LUBBOCK, Texas (Reuters) - A miserable sea of dry brown West Texas grass and charred scrub could cripple ranching operations in the country’s top beef-producing state.
“Right now, it’s literally day-to-day, and Mother Nature’s holding all the cards,” said Dennis Braden, general manager of the 130,000-acre Swenson Land and Cattle Co.
In the state where cowboys riding the open range on horseback herding cattle spawned a whole western culture, modern-day ranchers are hurting.
Severe drought and millions of acres of wildfires have delivered a potent one-two punch this year, forcing tough decisions on ranchland across Texas.
The state’s livestock industry has lost $1.2 billion under withering conditions, according to the Texas Agrilife Extension Service, part of Texas A&M University.
It’s a bitter pill for Braden and the more than 120-year-old ranch located 170 miles west of Fort Worth.
In Texas and other states with large cattle herds, the beef industry chain starts at the ranch. Farmers own a herd of beef cows, each of which gives birth to a calf in a typical year. The mother nurses the calf and the pair graze on grass all summer, fattening up the calf for market. The young calves are eventually weaned from their mothers and sent to feedlots to be fattened on grain for slaughter.
This year, ranchers should be reaping the benefits of high prices, low supplies and high demand for their beef
The demand from for calves from feedlots, where cattle add hundreds of pounds before slaughter, seems insatiable. The Swenson ranch entered this season planning to grow by thousands of cattle over several years.
But he and other calf growers instead spent this spring in a desperate hunt for pastureland and contemplating selling all of their livestock.
His ranch has seen more fire than rain since September. Wildfires roared out of a canyon and went on a 35-mile march across his and neighboring remote ranchland in April, consuming thousands of acres of mesquite and pasture.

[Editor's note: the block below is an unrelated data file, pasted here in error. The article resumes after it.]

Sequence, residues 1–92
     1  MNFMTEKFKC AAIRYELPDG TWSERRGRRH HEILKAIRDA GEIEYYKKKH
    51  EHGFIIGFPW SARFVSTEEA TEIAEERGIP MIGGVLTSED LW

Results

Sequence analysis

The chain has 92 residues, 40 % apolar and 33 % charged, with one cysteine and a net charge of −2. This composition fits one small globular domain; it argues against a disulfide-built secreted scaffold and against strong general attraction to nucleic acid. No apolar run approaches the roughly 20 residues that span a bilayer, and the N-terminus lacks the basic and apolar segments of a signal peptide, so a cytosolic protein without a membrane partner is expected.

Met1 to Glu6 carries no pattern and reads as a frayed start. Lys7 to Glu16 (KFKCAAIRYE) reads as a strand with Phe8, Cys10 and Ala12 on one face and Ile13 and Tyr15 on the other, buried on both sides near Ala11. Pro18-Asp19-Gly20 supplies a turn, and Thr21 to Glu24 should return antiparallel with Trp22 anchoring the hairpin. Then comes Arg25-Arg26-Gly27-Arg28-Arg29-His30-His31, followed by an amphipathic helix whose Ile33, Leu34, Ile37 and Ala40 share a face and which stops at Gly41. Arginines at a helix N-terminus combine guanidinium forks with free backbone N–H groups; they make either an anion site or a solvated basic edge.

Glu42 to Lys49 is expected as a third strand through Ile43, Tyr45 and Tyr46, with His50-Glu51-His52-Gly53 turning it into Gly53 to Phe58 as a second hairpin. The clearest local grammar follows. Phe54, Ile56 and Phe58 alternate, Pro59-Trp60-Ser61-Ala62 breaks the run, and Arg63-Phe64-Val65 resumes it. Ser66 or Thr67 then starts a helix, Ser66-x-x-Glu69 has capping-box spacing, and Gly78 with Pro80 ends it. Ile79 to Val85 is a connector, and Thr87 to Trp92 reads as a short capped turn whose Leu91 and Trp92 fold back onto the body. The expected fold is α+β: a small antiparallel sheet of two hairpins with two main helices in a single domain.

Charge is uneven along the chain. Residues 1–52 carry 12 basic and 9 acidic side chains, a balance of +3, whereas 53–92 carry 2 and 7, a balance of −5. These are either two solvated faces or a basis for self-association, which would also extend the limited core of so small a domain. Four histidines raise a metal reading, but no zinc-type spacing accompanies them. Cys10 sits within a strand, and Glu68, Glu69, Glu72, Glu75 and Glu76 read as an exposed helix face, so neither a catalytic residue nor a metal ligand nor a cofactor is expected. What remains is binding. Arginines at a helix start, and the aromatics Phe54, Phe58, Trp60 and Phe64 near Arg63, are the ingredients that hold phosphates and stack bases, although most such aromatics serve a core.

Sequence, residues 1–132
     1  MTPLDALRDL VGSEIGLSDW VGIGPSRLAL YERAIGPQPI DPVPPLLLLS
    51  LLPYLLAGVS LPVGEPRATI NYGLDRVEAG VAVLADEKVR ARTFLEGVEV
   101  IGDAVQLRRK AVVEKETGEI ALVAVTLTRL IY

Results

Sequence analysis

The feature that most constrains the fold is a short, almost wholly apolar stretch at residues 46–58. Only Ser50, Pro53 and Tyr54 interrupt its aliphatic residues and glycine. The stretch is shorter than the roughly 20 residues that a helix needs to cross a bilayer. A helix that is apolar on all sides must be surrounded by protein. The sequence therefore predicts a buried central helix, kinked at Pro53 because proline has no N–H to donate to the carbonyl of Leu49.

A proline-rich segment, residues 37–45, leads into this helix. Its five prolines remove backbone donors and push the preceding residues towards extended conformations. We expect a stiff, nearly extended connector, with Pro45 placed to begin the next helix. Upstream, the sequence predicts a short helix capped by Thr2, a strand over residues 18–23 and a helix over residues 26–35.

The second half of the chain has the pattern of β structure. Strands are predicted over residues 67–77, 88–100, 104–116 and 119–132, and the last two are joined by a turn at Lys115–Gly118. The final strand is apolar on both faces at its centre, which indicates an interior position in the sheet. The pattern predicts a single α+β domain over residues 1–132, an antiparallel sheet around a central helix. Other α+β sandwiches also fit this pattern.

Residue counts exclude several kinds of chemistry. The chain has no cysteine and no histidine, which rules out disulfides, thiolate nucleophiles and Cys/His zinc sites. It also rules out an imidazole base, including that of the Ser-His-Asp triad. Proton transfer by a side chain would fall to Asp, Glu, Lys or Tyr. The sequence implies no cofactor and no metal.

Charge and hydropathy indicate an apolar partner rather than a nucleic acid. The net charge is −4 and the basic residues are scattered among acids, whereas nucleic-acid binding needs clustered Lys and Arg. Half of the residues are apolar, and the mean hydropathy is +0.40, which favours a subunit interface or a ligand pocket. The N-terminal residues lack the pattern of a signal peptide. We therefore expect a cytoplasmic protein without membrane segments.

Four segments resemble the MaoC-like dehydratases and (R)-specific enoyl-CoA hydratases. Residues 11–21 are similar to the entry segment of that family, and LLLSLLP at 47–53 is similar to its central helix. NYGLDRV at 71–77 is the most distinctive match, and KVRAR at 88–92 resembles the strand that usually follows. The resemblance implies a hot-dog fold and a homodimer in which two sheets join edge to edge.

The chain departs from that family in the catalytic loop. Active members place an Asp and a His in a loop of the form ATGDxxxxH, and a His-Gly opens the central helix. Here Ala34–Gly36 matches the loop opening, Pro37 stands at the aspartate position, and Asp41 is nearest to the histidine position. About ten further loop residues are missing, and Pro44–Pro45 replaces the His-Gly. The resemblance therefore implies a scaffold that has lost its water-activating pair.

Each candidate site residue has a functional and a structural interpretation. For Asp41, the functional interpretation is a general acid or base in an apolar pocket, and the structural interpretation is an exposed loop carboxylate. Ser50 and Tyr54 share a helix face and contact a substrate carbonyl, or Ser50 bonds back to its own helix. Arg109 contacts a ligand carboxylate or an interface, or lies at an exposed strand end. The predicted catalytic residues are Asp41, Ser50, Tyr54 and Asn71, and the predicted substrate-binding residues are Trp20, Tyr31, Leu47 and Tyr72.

Cattle subsisted on dead grass as his cowboys worked to keep the cattle healthy enough to bear new calves.
West Texas did not have the water to irrigate hay, and thousands of acres of drought-ridden wheat fields never produced a crop.
If conditions do not improve by August, he will run out of even low-quality feed for his herds, he said.
“We don’t have the grass resources to keep those calves around,” Braden said.
Fire alone will not devastate a ranch, and managers may often use controlled burns to improve the range. A good blaze can clear away the tall, dead brush hiding the green grass that helps bulk up the herd.
Emerald fuzz covered scorched patches of Swenson ranch after less than an inch of rain provided the area’s first shower in nine months.
Given a good spring storm, the tough, hilly scrub would look like Ireland, Braden said. But the most recent shower was not near enough to break the drought.
Without acres of green, protein-providing grass, cows will struggle for nutrients. The herd will lose interest in breeding and cows will not even provide enough milk to their own calves, bringing the first step of America’s beef cycle to a halt.
The outlook for more rain looks grim. The National Weather Service’s Climate Prediction Center forecast below-normal rainfall for Texas over the next month at least.
The cash-green carpet that sprang up from wildfire ash could brown under the Texas sun.
“Couple of days of 40 mile-per-hour winds and 100-degree temperatures and it will go back to buckskin,” Braden said. Ranches that could afford it hunted for rare acres of pasture outside the state.
Joe Leathers, manager of the historic 6666 Ranch in Guthrie, about 100 miles east of Lubbock, had moved cattle to New Mexico to keep a prized genetic line alive.
He could not consider liquidating the herd with ranch families and years of breeding programs depending on him, he said.
“If you had to sell your herd off and wait until it rains, you’re going to have 75 families out of a job, and a home,” Leathers said.
“It sure would be nice if it rained,” said David Anderson, a livestock agronomist with the Texas Agrilife service.
Editing by Corrie MacLaggan and Greg McCune